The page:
Hypertension is surprisingly common, affecting 46% of American adults – more than 100 million people.
And this is a serious threat. Hypertension threatens the risk of heart attack, heart failure, stroke, kidney failure and several other health problems. In fact, high blood pressure in the United States and nearly daily results in nearly 1,000 deaths. Even more worrying is that most of these deaths can be prevented. Hypertension is almost always treatable by lifestyle changes and inexpensive medications, but less than half of people with hypertension control it.
Lifestyle and high blood pressure
Experts believe that changing your lifestyle can lower your blood pressure by 50% -90%.
In my practice, if a patient’s blood pressure is mildly elevated and there are no risk factors (such as diabetes, current smoking or a history of heart disease, stroke or multiple cardiac risk factors), I recommend a 3-month lifestyle test. I do. Change as a primary treatment. I know for my patients that many of these changes can be as effective as any single blood pressure medication.
For many of my patients, the likelihood of avoiding medication for life is a powerful stimulus, and they appreciate the sense of control they have over their health.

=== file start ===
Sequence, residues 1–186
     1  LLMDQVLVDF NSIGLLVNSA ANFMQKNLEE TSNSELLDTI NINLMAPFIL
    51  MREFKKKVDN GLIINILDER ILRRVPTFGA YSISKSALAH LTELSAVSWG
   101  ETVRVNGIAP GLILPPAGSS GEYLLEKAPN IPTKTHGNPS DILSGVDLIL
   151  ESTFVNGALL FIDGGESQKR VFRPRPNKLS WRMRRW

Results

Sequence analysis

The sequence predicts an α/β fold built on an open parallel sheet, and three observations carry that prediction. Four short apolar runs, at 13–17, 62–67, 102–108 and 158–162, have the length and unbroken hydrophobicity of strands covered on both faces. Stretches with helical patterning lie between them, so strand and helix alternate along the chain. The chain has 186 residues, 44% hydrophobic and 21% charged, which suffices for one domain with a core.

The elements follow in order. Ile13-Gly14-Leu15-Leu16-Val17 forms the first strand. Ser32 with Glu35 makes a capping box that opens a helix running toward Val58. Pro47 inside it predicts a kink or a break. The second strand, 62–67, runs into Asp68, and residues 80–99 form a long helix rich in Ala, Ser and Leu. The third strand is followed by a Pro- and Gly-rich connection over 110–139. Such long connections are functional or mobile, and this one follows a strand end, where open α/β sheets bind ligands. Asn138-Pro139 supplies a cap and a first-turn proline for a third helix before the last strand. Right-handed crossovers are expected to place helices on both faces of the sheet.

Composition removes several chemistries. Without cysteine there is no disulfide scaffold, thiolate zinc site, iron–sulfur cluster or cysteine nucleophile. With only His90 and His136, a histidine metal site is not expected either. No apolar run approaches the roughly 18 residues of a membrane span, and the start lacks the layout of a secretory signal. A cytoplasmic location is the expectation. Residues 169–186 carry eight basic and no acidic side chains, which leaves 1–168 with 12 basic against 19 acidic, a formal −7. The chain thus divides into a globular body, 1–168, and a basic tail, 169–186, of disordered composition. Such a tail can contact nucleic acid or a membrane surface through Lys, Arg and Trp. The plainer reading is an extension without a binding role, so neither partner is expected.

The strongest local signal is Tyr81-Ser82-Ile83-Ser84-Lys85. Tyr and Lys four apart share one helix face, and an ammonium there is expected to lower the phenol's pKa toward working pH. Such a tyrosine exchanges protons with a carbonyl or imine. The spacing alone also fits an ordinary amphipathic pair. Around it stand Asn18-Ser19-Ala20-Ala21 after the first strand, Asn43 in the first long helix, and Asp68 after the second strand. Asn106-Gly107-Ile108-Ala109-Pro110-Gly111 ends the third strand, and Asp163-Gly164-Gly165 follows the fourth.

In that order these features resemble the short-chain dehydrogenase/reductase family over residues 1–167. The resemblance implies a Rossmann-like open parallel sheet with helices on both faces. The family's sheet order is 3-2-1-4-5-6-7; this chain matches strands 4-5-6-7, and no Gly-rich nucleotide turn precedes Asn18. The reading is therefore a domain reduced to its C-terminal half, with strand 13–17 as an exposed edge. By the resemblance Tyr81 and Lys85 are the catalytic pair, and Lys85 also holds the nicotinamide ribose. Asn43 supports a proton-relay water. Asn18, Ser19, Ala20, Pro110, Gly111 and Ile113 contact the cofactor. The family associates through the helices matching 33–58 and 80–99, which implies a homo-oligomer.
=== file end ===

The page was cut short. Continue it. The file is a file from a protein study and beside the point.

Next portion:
Here are some specific areas I recommend my patients focus on in order to lower their blood pressure:
Even a moderate level of physical activity can change your blood pressure over time. If you are not used to exercise, start slowly. Five or 10 minutes a day of your favorite activity can be just the beginning of your workout routine and allow you to build up to a maximum of 2 hours and 30 minutes a week of activities recommended by national guidelines.
I recommend eating highly processed foods (packaged foods usually contain high sugar and / or refined grains). Watching salt in high blood pressure is important, but keep in mind that most of the salt in our diets comes from processed foods and restaurants.
It has been proven that losing even 5% of body weight starts to lower blood pressure. And 10% have been shown to significantly improve other health conditions such as atrial fibrillation. The weight loss strategy that I recommend to my patients is a long-term one. Use sustainable power to build better habits. Limited diets may work in the short term, but their results rarely last.
Limited alcohol consumption (less than one drink per day):
A recent study found that people who drink 7-13 drinks a week are 53% more likely to have high blood pressure. Those who drink more than 14 drinks a week have a 69% higher risk of hypertension.
Quitting smoking lowers blood pressure and reduces the risk of heart disease in the future.
In addition to lifestyle changes, avoid regular anti-inflammatory drugs such as ibuprofen and naproxen and treat sleep apnea.
One of the most enjoyable things to do in my practice is when the patient can lower or even eliminate their blood pressure medication due to a healthier lifestyle choice. If you have high blood pressure, do not miss this powerful treatment.